2. We do not have 10% of our population (which would mean about 32 million) incarcerated. It's closer to 2%.

  3. If a class action suit or other manner of retribution is possible, count me in. I have email and voicemail from the man. He colluded with opposing counsel, I am certain. My case was damaged so severely it nearly lost me everything and I am still paying dearly.

  4. There's probably a lot of blame that can be cast around for Indiana Tech's abysmal bar passage rate this last February. The folks who decided that Indiana, a state with roughly 16,000 to 18,000 attorneys, needs a fifth law school need to question the motives that drove their support of this project. Others, who have been "strong supporters" of the law school, should likewise ask themselves why they believe this institution should be supported. Is it because it fills some real need in the state? Or is it, instead, nothing more than a resume builder for those who teach there part-time? And others who make excuses for the students' poor performance, especially those who offer nothing more than conspiracy theories to back up their claims--who are they helping? What evidence do they have to support their posturing? Ultimately, though, like most everything in life, whether one succeeds or fails is entirely within one's own hands. At least one student from Indiana Tech proved this when he/she took and passed the February bar. A second Indiana Tech student proved this when they took the bar in another state and passed. As for the remaining 9 who took the bar and didn't pass (apparently, one of the students successfully appealed his/her original score), it's now up to them (and nobody else) to ensure that they pass on their second attempt. These folks should feel no shame; many currently successful practicing attorneys failed the bar exam on their first try. These same attorneys picked themselves up, dusted themselves off, and got back to the rigorous study needed to ensure they would pass on their second go 'round. This is what the Indiana Tech students who didn't pass the first time need to do. Of course, none of this answers such questions as whether Indiana Tech should be accredited by the ABA, whether the school should keep its doors open, or, most importantly, whether it should have even opened its doors in the first place. Those who promoted the idea of a fifth law school in Indiana need to do a lot of soul-searching regarding their decisions. These same people should never be allowed, again, to have a say about the future of legal education in this state or anywhere else. Indiana already has four law schools. That's probably one more than it really needs. But it's more than enough.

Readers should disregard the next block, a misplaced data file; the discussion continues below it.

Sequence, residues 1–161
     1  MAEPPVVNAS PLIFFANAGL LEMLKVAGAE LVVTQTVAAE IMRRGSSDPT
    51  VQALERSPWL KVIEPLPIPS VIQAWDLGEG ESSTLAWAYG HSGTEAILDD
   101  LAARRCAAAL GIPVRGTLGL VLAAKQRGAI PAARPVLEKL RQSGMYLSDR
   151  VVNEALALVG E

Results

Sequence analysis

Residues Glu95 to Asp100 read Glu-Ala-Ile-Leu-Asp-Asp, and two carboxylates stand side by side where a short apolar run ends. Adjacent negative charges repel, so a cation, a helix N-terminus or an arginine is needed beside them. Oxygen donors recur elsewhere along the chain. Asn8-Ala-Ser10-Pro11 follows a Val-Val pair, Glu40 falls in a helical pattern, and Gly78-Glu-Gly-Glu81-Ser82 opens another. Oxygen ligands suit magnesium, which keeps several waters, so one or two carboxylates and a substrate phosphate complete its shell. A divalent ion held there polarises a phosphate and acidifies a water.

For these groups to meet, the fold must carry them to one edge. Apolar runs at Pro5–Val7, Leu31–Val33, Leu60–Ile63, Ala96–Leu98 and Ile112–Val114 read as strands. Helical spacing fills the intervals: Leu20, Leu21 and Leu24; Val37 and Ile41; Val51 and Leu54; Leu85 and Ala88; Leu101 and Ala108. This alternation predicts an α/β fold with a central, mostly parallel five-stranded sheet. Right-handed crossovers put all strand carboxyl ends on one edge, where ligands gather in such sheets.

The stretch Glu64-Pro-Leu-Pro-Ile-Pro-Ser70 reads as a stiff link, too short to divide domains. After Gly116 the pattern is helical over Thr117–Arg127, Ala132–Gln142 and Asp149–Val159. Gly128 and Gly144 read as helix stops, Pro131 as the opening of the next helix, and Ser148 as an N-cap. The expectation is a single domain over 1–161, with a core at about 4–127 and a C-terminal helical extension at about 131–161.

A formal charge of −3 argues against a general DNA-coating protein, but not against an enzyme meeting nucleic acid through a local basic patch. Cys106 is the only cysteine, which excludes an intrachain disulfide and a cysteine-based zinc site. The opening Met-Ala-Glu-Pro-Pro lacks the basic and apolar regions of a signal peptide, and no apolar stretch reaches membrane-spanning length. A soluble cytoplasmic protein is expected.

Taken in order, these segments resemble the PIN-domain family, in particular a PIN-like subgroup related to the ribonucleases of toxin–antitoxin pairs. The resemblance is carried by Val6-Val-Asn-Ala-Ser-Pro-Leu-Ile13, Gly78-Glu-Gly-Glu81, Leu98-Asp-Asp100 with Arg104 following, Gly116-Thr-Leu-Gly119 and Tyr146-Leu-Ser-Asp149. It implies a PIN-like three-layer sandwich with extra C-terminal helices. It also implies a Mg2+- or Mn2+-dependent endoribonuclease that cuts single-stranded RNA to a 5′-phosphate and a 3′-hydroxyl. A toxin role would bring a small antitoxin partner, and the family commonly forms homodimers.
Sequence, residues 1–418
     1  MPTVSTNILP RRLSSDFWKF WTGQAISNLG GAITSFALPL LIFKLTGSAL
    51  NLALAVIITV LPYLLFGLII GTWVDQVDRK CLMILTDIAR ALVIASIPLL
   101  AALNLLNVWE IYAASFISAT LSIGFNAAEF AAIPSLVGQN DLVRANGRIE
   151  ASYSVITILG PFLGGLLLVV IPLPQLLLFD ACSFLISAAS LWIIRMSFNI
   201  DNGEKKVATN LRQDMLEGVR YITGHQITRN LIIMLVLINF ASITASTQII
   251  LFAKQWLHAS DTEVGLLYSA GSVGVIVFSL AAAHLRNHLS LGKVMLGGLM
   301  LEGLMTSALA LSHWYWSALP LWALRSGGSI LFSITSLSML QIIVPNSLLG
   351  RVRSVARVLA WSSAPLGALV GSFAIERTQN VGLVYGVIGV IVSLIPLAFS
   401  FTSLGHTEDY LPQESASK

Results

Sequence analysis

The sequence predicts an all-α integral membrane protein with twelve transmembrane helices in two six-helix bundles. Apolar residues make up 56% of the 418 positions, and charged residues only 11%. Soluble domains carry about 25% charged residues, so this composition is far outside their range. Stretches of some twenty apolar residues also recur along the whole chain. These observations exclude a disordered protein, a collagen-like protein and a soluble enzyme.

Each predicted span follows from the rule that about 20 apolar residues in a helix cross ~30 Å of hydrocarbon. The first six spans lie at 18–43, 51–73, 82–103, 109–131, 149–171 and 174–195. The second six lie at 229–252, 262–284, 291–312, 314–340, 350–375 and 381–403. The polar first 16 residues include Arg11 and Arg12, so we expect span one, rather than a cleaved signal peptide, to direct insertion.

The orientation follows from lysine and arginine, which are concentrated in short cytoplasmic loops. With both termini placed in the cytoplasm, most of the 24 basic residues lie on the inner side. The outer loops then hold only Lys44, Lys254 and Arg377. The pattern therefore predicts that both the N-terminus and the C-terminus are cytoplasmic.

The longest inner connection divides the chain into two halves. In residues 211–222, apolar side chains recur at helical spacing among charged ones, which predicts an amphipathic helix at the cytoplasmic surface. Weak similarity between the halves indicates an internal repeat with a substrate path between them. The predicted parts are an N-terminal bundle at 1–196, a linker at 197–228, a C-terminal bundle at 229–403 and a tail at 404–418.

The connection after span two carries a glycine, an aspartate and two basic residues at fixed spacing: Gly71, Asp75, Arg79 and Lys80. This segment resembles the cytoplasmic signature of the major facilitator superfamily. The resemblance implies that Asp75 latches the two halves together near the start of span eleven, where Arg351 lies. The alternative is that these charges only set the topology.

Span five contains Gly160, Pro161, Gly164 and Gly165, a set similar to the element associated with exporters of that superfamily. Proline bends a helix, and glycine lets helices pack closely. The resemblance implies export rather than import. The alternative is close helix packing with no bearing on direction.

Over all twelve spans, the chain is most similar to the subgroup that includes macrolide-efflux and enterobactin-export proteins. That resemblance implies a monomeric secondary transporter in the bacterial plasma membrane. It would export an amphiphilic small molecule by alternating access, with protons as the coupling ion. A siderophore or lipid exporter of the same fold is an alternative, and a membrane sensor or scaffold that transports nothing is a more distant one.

5. This man Steve Hubbard goes on any online post or forum he can find and tries to push his company. He said court reporters would be obsolete a few years ago, yet here we are. How does he have time to search out every single post about court reporters and even spy in private court reporting forums if his company is so successful???? Dude, get a life. And back to what this post was about, I agree that some national firms cause a huge problem.